level of 1 watt, Curve B at 10 watts; and Curve G at the rated output
of 15 watts. Note that the amplifier delivers 15 watts between about
60 and 10,000 cps, but it delivers less than 15 watts at 20 and
20,000 cps. Therefore, although this amplifier can be honestly rated
by the manufacturer as a 15-watt job (at 1000 cps) , it does not
function as a 15-watt amplifier at the extremes of the audio range.
. Although the maximum
output of hi-fi amplifiers is usually rated at the point where the
distortion reaches 2%, it is generally agreed that amplifier distortion
should not exceed 0.5% at any point in the audio range. Negative
feedback is the major distortion-reduction tool of the audio designer.
The principle of negative feedback is shown in Fig. 2. In
Fig. 2 (A) we have the original signal, pure and undistorted; but
when it comes out of the amplifier as shown in Fig. 2(B), it has
a peak or "pip" on it.
Now suppose we take a portion of
the output signal and apply it to the input tube of the amplifier
in parallel with the input signal, but exactly out of phase with
it. See Fig. 2(C). Because the signal we feed back is in reverse
phase, it will subtract from the input signal and reduce its amplitude.
Clearly, it will reduce the amplitude more at the point where the
peak in the feedback signal appears, and, in fact, will put a dip
at the exact point where the amplifier puts a peak. The resultant
signal at the grid of the input tube is shown in Fig. 2(D). When
this signal goes through the amplifier, the peaking. effect of the
amplifier fills in the dip we have created, and the resulting output,
shown in Fig. 2(E), although of lower amplitude than that of Fig.
2(B) , is almost as pure as the input signal.
Thus, by "predistorting"
the signal at the input, feedback compensates for the distortion
of the amplifier. Although it's never possible to eliminate distortion
entirely, if we use enough feedback we can come very close to it.
For example, we can take an amplifier that delivers 15 watts with
2.5% distortion and, by adding 20 db of feedback, we can theoretically
reduce the distortion to 0.25%. Design Considerations
Negative feedback is not miraculous. Like anything else, it has
its limitations. The problem can be visualized by referring to Fig.
At Curve A we have the response of an amplifier without
feedback. Note the slopes at the two ends of the curve. One of the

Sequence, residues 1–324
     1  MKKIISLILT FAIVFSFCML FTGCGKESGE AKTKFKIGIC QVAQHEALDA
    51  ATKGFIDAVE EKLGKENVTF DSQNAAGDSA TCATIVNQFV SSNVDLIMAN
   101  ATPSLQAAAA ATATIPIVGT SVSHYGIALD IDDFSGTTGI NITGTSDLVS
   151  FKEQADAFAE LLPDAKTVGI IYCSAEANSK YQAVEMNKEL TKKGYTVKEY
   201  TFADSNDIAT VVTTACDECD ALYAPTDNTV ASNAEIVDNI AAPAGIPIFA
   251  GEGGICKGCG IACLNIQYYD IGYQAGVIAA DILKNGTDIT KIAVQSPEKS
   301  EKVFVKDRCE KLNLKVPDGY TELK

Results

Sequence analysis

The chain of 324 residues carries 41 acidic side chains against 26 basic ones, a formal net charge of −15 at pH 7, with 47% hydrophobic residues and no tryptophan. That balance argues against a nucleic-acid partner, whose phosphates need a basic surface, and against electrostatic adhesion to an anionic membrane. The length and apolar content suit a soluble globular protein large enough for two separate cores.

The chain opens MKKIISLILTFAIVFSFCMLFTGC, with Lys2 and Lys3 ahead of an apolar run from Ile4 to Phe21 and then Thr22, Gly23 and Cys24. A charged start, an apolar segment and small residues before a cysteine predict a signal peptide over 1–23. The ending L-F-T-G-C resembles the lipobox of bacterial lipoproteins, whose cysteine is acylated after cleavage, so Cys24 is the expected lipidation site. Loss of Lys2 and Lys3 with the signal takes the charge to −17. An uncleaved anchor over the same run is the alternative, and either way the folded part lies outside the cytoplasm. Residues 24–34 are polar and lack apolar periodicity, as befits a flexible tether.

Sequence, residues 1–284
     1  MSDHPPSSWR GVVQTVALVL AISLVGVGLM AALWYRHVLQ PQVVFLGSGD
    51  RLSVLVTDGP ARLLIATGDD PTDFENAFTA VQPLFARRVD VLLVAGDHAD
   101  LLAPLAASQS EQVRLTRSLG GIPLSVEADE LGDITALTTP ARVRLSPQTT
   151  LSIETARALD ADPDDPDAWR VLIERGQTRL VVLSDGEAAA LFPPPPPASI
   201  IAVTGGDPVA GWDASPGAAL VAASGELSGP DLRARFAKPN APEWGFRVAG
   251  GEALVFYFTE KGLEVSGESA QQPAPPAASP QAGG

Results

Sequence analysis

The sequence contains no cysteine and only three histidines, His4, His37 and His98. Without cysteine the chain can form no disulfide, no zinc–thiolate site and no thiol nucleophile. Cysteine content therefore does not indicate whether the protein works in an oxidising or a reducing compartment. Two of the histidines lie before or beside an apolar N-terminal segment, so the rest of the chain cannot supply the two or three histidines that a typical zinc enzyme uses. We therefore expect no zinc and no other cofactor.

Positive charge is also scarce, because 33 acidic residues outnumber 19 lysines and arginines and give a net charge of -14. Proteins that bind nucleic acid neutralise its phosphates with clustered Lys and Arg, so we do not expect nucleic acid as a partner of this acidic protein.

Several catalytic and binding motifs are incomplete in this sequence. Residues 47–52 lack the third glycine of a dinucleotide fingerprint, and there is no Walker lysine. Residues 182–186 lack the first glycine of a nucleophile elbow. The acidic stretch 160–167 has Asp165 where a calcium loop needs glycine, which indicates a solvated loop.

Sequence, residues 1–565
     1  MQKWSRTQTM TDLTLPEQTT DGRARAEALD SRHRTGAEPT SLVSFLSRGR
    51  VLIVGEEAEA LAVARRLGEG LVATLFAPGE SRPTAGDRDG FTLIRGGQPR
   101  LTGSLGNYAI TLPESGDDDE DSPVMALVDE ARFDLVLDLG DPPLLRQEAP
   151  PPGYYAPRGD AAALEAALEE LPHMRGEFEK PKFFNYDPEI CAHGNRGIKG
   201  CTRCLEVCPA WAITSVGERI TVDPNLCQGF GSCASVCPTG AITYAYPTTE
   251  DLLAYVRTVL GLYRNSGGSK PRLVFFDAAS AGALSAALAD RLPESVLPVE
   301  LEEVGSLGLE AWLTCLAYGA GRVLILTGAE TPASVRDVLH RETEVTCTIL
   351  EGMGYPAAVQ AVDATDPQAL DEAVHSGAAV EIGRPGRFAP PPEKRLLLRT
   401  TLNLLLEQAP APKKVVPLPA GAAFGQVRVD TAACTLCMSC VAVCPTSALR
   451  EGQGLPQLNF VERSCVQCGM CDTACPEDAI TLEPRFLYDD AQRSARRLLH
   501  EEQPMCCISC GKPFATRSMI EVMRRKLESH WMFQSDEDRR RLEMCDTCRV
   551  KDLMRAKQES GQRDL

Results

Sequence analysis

hard facts of hi-fi life is that where there is a slope there is
also a phase shift. As we apply feedback to the ranges represented
by the two slopes, the phase of the feedback is no longer exactly
180° out of phase, but is either slightly greater or less than 180°.
If we go far enough, or if the slope is steep enough, we
come to a point where the feedback signal, rather than being out
of phase, is actually in phase. When in-phase signals are fed back,
we get a pair of peaks at the opposite ends of the audio spectrum,
as indicated in Curve B. When such peaks are present, the amplifier
is usually unstable and may be thrown into momentary or continuous
oscillation at the frequencies where the peaks occur. We can avoid
this by controlling the amount of feedback used in the circuit.
Obviously, the flatter the response of the amplifier before
feedback is applied, the more stable the amplifier will be when
we apply feedback. Therefore, the audio designer starts by designing
the best possible circuit without feedback. In fact, almost any
genuine hi-fi amplifier is fiat at least over the audio range even
without the feedback loop.
Now we undertake the problem
of keeping the amplifier's response fiat over a wide bandwidth.
At the low end, a sloping response is the result of time constants
in the circuit produced principally by the coupling capacitors between
stages. The fewer the coupling capacitors, the fewer the time constants,
and the less the slope. There are two ways to reduce the number
of coupling capacitors: (1) by reducing the number of stages that
have to be coupled; and (2) by direct coupling (no capacitors) between
stages. Almost all modern power amplifiers employ a combination
of these two methods.
Excluding the output stage, the power
amplifier usually has at least two stages: a phase inverter to convert
the single-ended audio signal to push-pull (to feed the push-pull
output stage); and a voltage amplifier stage. Most modern amplifiers